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With Kouchner at UN, No Africa in Questions, Airport Diplomacy and France

By Matthew Russell Lee

UNITED NATIONS, December 7 -- French foreign minister Bernard Kouchner swept through the UN on Monday, meeting with Secretary General Ban Ki-moon and then briefly taking questions from the press. While he said he and Mr. Ban discussed both Sudan and Guinea, neither was addressed in Kouchner's remarks nor in the questions taken by his staff.

  Rather, he faced repeated questions on whether France considers Jerusalem occupied territory. Kouchner replied that Jerusalem should be the "capital of two states." Afterwards, still relatively new French Ambassador to the UN Gerard Araud asked Kouchner to clarify, since reporters hadn't understood him to affirm Jerusalem as occupied territory. Of course it is, Kouchner said and headed for the door.

  Inner City Press asked him, "What about Gambari for Darfur," a shorthand way to ask if France supports Ibrahim Gambari as the UN's and African Union's envoy for Darfur. Yes we discussed that, Kouchner answered. "But what about what some call his weak record in Myanmar?" But Kouchner was gone.

  Out in the hall, reporters asked France's spokesman if there was any more time for questions. He has a plane in one hour and thirty five minute, the spokesman answered. Could Ambassador Araud stay and answer? The spokesman shook his head. Araud was going with Kouchner.

  Another French UN official told Inner City Press that one reason Araud's predecessor Jean Maurice Ripert lost his job was he was late to the airport to pick up President Nicolas Sarkozy. Maybe that explains both diplomats heading for the airport.

  On Guinea, the question would have been whether France agrees with ECOWAS' call for the military junta to step down. Dictator Moussa Dadis Camara was shot and taken for surgery to Morocco. Another question might have been what if anything France is doing for Western Sahara human rights activist Ms. Haidar. France has long opposed the UN's mission in Western Sahara having any human rights component.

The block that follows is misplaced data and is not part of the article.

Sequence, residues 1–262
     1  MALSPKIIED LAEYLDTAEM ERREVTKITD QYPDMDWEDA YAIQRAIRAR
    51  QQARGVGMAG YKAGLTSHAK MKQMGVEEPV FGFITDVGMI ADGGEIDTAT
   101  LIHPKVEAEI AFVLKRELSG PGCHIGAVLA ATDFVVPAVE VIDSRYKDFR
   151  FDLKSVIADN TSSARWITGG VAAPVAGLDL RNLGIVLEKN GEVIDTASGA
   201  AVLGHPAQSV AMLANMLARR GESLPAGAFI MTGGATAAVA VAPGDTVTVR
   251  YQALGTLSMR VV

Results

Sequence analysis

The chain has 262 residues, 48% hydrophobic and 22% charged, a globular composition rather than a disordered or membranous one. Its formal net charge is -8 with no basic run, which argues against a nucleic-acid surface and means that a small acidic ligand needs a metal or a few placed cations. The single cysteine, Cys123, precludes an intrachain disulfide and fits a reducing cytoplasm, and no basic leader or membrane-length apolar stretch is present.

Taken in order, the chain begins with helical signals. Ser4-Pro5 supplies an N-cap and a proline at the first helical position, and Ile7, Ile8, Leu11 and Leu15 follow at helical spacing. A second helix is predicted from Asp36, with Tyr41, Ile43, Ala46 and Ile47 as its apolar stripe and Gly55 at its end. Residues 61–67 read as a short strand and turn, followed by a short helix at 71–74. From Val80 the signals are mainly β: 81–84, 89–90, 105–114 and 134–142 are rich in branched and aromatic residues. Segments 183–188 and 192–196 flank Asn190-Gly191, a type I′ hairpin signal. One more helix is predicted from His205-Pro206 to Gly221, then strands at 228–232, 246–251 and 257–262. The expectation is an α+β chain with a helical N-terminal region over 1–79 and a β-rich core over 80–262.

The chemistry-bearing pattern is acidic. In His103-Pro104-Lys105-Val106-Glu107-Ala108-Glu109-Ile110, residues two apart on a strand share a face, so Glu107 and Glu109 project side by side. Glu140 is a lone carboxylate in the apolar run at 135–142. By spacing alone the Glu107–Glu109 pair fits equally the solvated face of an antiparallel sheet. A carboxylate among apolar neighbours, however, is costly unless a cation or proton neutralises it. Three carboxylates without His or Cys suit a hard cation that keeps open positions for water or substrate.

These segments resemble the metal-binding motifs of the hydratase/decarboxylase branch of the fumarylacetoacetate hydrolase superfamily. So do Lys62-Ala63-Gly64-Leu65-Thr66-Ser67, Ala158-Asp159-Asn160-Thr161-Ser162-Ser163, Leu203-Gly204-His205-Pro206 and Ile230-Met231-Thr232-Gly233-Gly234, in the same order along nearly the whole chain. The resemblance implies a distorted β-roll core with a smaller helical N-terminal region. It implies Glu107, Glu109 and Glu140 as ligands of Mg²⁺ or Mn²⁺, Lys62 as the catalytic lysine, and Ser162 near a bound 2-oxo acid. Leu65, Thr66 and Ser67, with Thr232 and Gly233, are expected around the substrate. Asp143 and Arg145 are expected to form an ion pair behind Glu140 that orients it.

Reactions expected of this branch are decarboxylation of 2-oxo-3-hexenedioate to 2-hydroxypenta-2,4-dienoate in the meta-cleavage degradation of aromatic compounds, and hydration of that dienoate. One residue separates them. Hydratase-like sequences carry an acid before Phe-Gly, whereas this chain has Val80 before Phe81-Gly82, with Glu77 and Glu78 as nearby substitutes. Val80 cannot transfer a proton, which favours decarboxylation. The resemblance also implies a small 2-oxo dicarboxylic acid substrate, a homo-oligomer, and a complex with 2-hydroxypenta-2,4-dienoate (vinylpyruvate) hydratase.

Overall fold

UN's Ban and Kouchner, answers to press on Africa not shown
  Yet another would be why France announced an embassy in Kyrgyzstan only days after that country barred a human rights activist from Tajikistan, click here for that. What ever happened to les droits de l'homme?

Footnote: Prior to his briefing Q&A with the media, Kouchner stood beside Ban Ki-moon before two microphones in Ban's 38th floor suite: a "press encounter" with no press allowed to be present. Earlier on Monday, Ban's new spokesman Martin Nesirky was asked why Ban wouldn't take questions. He said he would find out, as well as providing answers including about Gambari. Watch this site.

* * *

As Guinea's Shot Strongman Spirited to Morocco, Saharan Questions, Few UN Answers

By Matthew Russell Lee

UNITED NATIONS, December 6 -- Guinea dictator Moussa Dadis Camara, who took power in a coup and oversaw the slaughter of at least 157 opponents in September, has himself been shot and seriously wounded. Sources tell Inner City Press that Lt Aboubacar Toumba Diakite, the chief of his presidential guards and an active participant in the stadium mass murder, has been concerned that while he may be held accountable, Dadis Camara would get away scot free.

  Dadis Camera was flown for medical treatment to Morocco. In October, Inner City Press reported Morocco's involvement in Dadis Camara's close protection security. Now, he's flown there for surgery. Why is Morocco so close with Guinea, and Equatorial Guinea for that matter?

  The answer is that while it is the African Union position that the people of Western Sahara, which Morocco claims, deserve a referendum with independence as an option, Morocco has been trying to pick off AU members with offers of military and financial aid.

UN's Ban and Guinea's prime minister, coup de feu and coup not shown

  Meanwhile the UN, which as Inner City Press reported has advised Burkina Faso president Campoare that Dadis Camara should remain in power in the interim, was on Friday asked about the shooting:

Inner City Press: it’s widely reported that Colonel Moussa Dadis Camara of Guinea has been shot and taken out of the country to Morocco. Is there, either Said Djinnit or whoever in the UN is dealing with that, can that be confirmed, and do they have a statement on the assassination attempt against the de facto leader?

Spokesperson Marie Okabe: I don’t have any reports today directly from Mr. Djinnit on this incident, but the Secretary-General is aware and following the situation. The latest violence underscores the urgent need to move towards the restoration of constitutional order in Guinea in a peaceful and consensual manner. The Secretary-General calls for calm and reiterates the need to avoid violence and to respect the rule of law. And he has instructed his Special Representative for West Africa [Said Djinnit] to remain actively engaged with national and regional stakeholders in the search for a solution that provides the people of Guinea an opportunity to elect their leaders in a democratic manner. And that’s what I have for you…

Watch this site.

* * *

On Darfur, Gambari To Be "Vigilant," U.S. Belatedly Says, No Comment on Blackmail or Myanmar

By Matthew Russell Lee

UNITED NATIONS, December 2 -- Two days after Inner City Press exclusively reported it, on Wednesday morning a Security Council member confirmed that a letter nominating Ibrahim Gambari of Nigeria as the UN's and African Union's Special Representative to Darfur has gone to Council members.